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Angus King Endorses Republican Senate Colleague

King, left, endorsed a Republican for re-election. (Tom Williams/CQ Roll Call File Photo)

Independent Maine Sen. Angus King, a member of the Democratic caucus, is backing a senior Senate Republican in his bid for re-election.  

Sen. Lamar Alexander, R-Tenn., is not facing a significant challenge on Nov. 4, but the support from King is interesting considering the independent senator's potential role in a closely divided or tied Senate. King and Alexander are both members of the informal caucus of former governors.  

The two senators are personally close, but Alexander also is a former Republican Conference chairman with close ties to Minority Leader Mitch McConnell of Kentucky.  

"Senator Alexander is the kind of person who we absolutely need in the United States Senate. He is someone who listens, and who is interested in solving problems," King said in making the endorsement, which was first reported by  The Associated Press in Nashville.  

King was visiting Tennessee for an official event with Alexander that included a roundtable at Lipscomb University. The AP said the event was focused on efforts to make it easier to apply for federal student aid. The endorsement came after the formal event. Alexander, a former Education secretary, and Colorado Democrat Michael Bennet have led an effort to shorten the federal student aid form.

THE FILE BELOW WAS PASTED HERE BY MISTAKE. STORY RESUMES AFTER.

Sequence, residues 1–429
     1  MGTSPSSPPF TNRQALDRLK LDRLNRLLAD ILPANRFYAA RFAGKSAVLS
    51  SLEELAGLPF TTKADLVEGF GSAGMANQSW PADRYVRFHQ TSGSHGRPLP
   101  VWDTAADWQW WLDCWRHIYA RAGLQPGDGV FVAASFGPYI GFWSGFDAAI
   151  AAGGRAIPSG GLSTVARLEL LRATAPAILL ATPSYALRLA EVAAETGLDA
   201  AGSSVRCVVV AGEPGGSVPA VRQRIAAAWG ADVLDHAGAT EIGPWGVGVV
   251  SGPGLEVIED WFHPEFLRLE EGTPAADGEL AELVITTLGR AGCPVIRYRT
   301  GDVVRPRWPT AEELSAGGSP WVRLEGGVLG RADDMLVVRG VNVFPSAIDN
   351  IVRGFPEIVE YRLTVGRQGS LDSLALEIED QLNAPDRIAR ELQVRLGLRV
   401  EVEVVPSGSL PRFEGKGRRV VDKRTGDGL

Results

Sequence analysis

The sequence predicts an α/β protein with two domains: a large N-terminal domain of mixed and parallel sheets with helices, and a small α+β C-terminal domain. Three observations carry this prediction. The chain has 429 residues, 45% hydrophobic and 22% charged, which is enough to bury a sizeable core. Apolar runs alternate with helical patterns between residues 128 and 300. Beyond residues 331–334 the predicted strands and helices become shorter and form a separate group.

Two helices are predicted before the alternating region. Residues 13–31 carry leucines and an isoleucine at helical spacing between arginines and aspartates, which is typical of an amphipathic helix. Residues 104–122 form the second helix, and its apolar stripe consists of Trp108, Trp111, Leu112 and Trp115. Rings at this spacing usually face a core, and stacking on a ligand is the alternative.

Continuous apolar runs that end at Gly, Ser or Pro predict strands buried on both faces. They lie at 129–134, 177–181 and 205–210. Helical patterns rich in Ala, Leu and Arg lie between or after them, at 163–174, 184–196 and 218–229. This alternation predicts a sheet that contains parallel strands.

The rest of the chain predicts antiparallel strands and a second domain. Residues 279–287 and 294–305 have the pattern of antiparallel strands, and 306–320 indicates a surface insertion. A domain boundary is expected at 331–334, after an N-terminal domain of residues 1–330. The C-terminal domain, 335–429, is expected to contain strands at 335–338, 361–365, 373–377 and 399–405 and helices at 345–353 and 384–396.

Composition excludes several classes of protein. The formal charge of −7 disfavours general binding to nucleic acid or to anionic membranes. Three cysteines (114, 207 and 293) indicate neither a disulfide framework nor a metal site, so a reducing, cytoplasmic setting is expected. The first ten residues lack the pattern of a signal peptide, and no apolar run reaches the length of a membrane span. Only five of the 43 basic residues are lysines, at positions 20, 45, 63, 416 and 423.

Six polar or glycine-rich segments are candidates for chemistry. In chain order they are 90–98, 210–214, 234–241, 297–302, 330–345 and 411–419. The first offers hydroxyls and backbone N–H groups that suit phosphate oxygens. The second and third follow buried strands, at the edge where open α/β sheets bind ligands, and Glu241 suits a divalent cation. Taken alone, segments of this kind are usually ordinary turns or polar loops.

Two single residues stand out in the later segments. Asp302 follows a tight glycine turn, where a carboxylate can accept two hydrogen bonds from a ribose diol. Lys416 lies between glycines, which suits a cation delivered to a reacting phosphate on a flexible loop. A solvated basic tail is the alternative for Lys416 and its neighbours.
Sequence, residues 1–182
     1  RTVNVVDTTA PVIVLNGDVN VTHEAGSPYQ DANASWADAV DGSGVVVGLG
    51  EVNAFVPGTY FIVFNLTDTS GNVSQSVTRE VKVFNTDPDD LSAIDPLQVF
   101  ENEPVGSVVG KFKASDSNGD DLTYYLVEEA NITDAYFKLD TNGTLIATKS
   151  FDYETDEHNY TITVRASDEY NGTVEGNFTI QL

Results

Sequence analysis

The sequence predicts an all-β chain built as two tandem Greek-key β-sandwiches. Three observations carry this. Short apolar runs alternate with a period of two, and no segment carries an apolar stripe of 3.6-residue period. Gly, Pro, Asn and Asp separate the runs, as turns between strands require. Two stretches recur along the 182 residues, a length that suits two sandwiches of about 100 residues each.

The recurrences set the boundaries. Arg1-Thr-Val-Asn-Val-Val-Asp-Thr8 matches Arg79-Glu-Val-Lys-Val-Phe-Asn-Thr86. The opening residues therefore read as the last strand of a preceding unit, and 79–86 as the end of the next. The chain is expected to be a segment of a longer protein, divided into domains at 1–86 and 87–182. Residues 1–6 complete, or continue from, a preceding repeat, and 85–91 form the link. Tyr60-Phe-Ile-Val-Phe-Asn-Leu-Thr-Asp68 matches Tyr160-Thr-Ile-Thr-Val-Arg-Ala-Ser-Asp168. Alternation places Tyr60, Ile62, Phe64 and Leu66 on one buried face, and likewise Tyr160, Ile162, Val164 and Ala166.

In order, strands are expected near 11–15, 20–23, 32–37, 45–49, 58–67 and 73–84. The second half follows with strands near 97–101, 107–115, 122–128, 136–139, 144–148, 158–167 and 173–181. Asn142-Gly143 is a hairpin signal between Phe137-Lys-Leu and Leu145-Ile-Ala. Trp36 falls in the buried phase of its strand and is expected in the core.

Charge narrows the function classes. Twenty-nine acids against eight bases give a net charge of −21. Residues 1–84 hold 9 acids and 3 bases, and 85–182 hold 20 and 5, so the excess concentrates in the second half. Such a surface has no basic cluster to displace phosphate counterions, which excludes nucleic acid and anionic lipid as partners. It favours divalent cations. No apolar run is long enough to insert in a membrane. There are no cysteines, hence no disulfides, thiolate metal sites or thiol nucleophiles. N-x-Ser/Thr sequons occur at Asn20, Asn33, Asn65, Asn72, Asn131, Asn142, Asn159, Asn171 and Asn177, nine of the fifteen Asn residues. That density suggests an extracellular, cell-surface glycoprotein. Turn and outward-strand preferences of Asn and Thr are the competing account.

Alexander has a reputation as a dealmaker around the Capitol, and he worked with King and several other senators on a long-term fix to interest rates on student loans . But make no mistake about his party allegiance: Alexander is among the sharpest critics of how Majority Leader Harry Reid, D-Nev., has run the Senate floor. He would figure to play a role in any negotiations over the balance of power in the event this election season results in a 50-50 Senate.  

"As a conservative senator who focuses not just on making a speech but also getting a result, I am glad to have the support of an independent like Senator King who has a reputation of doing the same," Alexander said.  

If other independent senators win election this fall, there's a chance they could team with King to change the dynamics of the chamber. The Senate's other independent, Sen. Bernard Sanders of Vermont, said Thursday it was predictably doubtful he would align with Republicans given his policy priorities.  

Alexander's seat in Tennessee is rated Safe Republican by the Rothenberg Political Report/Roll Call.  

   

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